For people of the libertarian persuasion, who view government as a giant parasitical and murderous monstrosity, there is a very strong temptation to succumb to two very dangerous ideas. The first idea, which has roots in the libertarian-American revolution against the British, is that libertarians can easily throw off the yoke of their suffocating government if they simply arm themselves sufficiently. Having read about their scrappy forefathers’ glorious victory over the largest and most powerful army in the world, many libertarians assume that all that is lacking is an amply armed revolt in order to restore the Republic’s glorious libertarian tradition. The second dangerous idea is that libertarians can simply, shall we say, "ride out" the tyrannical storm gathering around them if they figure out a way to store enough water, conceal their assets, and have their passports and gold ready for short-notice emigration. Having witnessed the virtually complete eradication of their freedoms and rights, many libertarians assume that nothing can be done except to go into hiding until…well, sometime in the future.
These ideas, to be sure, do spring from genuinely libertarian principles. Libertarians should be amply armed, and they should be prepared to fight against murderous thugs of all stripes. So, too, should they take reasonable precautions to avoid being enslaved, starved, or murdered by their own or any other government. The ideas become dangerous, however, when libertarians start to focus on these ideas to the exclusion of the ultimate goal they are seeking. The goal for libertarians, after all, is not to provoke a bloody war with the state or to flee underground for the foreseeable future. The goal, rather, is to alter the world (or, their own parts of it anyway) in such a manner that it allows them to live in peace, prosperity, and freedom.
To state the ultimate libertarian objective is to point out the obvious flaw involved in focusing only on armed rebellion and hiding from the state. For, in the first place, it should be patently obvious that fighting and hiding are not necessarily means to achieve a more free, prosperous and peaceful world. In fact, hiding and armed rebellion can often serve to make the world even less libertarian. This is especially true of armed rebellion, because war, as Randolph Bourne famously observed, "is the health of the state." Armed rebellion almost always produces a dictatorial state governed by martial law, and it almost inevitably costs some people their lives — not exactly libertarian outcomes.
Hiding, too, can often serve to make the world even less libertarian. If all the libertarians in the world simply run off to the mountains, the general population is thereby deprived of the only ideological bulwark against an even bigger and more despotic government — a situation that the vipers running the government will exploit to the fullest extent possible. This is a problem not only for the unthinking masses the libertarians have abandoned to the mercy of the state, but also the hiding libertarians as well. You can bet your last gold dollar that when the government tires of wringing money out of the general population, it won’t hesitate for a moment to go after the discontented, independent-minded, and gold-packing libertarians — no matter how deeply in the forest they hide themselves. It should also be obvious that libertarians do not advance one step toward the goal of creating a more libertarian world for themselves by living like impoverished and hunted hermits.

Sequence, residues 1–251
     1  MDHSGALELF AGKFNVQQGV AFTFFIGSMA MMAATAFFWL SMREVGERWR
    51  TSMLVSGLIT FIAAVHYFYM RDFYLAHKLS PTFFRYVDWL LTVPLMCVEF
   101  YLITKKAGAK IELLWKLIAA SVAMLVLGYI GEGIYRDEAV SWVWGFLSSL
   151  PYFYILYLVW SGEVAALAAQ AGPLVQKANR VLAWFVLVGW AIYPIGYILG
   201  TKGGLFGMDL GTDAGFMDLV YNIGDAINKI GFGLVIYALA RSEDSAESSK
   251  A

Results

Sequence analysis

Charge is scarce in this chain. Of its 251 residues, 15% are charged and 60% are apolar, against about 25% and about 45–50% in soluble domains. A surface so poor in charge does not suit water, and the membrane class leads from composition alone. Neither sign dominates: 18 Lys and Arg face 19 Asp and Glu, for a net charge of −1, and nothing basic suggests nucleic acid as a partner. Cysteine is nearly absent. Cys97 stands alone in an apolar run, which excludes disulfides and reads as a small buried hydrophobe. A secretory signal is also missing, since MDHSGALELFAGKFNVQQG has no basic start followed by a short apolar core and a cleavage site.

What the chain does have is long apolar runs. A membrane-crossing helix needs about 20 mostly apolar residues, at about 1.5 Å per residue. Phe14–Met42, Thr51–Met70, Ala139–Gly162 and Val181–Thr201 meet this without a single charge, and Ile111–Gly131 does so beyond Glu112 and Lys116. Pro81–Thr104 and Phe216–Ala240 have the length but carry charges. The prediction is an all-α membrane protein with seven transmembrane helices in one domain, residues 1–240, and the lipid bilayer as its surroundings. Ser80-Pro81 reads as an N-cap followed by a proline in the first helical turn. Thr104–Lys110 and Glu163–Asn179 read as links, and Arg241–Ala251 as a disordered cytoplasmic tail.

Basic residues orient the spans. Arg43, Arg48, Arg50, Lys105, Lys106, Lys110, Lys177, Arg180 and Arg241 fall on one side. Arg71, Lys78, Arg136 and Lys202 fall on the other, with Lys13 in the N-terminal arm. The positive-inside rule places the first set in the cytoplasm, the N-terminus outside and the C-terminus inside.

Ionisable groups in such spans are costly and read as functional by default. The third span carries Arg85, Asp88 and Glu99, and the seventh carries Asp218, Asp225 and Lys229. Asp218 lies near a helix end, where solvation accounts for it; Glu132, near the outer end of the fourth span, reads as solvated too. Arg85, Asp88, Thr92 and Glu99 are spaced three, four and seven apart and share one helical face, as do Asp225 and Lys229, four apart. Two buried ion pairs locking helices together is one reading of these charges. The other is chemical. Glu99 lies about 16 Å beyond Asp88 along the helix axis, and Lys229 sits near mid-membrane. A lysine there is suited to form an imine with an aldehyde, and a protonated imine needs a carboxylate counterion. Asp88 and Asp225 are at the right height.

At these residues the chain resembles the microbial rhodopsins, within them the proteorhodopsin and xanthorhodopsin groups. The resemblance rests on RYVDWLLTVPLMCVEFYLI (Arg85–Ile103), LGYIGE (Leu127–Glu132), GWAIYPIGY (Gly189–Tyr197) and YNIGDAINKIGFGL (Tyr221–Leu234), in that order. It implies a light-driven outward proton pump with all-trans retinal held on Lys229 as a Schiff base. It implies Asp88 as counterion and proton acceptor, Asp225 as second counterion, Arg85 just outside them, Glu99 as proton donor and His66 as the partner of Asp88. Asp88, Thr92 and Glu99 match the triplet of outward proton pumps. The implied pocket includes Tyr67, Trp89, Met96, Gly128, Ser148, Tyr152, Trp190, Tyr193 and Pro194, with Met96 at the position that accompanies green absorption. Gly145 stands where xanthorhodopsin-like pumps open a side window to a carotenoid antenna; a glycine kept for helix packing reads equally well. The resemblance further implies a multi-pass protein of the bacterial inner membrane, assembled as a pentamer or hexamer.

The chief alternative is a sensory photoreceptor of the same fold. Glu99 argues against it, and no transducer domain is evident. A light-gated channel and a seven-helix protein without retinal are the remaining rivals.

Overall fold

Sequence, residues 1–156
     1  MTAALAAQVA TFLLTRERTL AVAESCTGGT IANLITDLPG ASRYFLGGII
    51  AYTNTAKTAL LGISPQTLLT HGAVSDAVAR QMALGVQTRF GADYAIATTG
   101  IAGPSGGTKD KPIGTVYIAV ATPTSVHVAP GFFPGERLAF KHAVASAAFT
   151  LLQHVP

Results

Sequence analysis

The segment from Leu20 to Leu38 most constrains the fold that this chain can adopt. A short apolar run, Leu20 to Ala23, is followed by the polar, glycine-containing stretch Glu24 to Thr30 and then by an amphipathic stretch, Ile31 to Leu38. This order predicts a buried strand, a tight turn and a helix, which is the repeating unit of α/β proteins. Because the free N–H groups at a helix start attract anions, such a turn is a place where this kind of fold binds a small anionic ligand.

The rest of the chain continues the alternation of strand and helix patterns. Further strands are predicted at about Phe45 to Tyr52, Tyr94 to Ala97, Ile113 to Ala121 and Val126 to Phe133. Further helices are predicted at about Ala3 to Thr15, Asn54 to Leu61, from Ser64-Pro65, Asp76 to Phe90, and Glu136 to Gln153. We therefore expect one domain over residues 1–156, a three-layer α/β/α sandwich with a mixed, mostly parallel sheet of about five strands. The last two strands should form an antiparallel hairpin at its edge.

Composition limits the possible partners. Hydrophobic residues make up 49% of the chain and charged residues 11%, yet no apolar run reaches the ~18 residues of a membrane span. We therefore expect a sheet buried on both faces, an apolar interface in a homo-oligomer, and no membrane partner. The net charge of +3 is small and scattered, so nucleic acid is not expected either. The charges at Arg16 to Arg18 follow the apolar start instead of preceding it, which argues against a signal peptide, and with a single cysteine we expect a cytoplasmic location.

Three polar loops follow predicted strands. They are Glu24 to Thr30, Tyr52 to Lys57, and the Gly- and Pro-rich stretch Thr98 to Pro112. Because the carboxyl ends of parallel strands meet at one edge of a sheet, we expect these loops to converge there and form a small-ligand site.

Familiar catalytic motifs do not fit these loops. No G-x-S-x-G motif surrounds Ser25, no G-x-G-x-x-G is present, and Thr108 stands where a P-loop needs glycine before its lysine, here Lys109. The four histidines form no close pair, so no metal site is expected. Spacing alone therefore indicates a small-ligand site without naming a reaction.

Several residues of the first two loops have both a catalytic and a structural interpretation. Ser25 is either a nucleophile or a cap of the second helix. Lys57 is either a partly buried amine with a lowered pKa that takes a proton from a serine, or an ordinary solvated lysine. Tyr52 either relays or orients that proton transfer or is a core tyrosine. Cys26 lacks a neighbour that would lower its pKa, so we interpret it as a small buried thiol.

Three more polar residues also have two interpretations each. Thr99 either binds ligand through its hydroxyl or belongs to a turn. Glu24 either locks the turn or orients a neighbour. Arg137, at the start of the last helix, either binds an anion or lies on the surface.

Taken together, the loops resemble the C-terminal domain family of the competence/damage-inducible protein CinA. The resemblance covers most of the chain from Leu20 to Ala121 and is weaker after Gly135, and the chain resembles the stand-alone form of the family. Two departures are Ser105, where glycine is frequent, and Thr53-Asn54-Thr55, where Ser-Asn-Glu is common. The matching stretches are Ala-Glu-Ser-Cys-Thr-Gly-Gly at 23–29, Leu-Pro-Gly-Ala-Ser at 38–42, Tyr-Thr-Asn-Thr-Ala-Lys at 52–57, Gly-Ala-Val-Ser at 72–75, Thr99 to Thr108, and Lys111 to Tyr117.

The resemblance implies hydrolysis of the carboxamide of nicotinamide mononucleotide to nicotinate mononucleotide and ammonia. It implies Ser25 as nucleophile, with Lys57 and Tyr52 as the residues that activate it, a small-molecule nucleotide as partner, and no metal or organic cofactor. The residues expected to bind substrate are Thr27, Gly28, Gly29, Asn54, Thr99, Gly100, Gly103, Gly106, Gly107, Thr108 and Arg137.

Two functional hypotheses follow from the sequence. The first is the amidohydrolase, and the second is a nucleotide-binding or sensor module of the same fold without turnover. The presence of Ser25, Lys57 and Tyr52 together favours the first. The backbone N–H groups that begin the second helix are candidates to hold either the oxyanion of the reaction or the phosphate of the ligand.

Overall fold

Still more generally, the problem with focusing on armed rebellion and hiding at the expense of focusing on the ultimate libertarian goal is that both hiding and armed rebellion can only be effective if the general population sides with rebels and hiders. If the general population does not approve of the rebellion, for whatever reason, the rebels will be either slaughtered or incarcerated There is absolutely no doubt of this point. If the general population, for example, is convinced of the sanctity of the government and the goodness of a giant nanny-police state, armed rebels will never, ever, be able to win their freedom by force of arms. Quite the contrary, they will very quickly find themselves either rotting in prison or hanging from the scaffold, to the cheers of the general population. Similarly, libertarians who try to run and hide from the state can never, ever, find safety or refuge in the midst of a general population that views them as weird extremists, "wreckers," or potential "terrorists" — which is exactly how the government will portray them if they all simply "shrug" and try to hide out from the state.